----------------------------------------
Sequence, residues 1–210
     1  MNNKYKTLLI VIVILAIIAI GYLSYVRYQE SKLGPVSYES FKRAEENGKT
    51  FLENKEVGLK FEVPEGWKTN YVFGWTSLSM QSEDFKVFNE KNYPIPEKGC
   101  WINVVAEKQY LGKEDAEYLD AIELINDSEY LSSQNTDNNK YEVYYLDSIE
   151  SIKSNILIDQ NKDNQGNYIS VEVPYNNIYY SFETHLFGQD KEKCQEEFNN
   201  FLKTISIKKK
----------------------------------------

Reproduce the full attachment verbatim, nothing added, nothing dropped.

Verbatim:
Sequence, residues 1–210
     1  MNNKYKTLLI VIVILAIIAI GYLSYVRYQE SKLGPVSYES FKRAEENGKT
    51  FLENKEVGLK FEVPEGWKTN YVFGWTSLSM QSEDFKVFNE KNYPIPEKGC
   101  WINVVAEKQY LGKEDAEYLD AIELINDSEY LSSQNTDNNK YEVYYLDSIE
   151  SIKSNILIDQ NKDNQGNYIS VEVPYNNIYY SFETHLFGQD KEKCQEEFNN
   201  FLKTISIKKK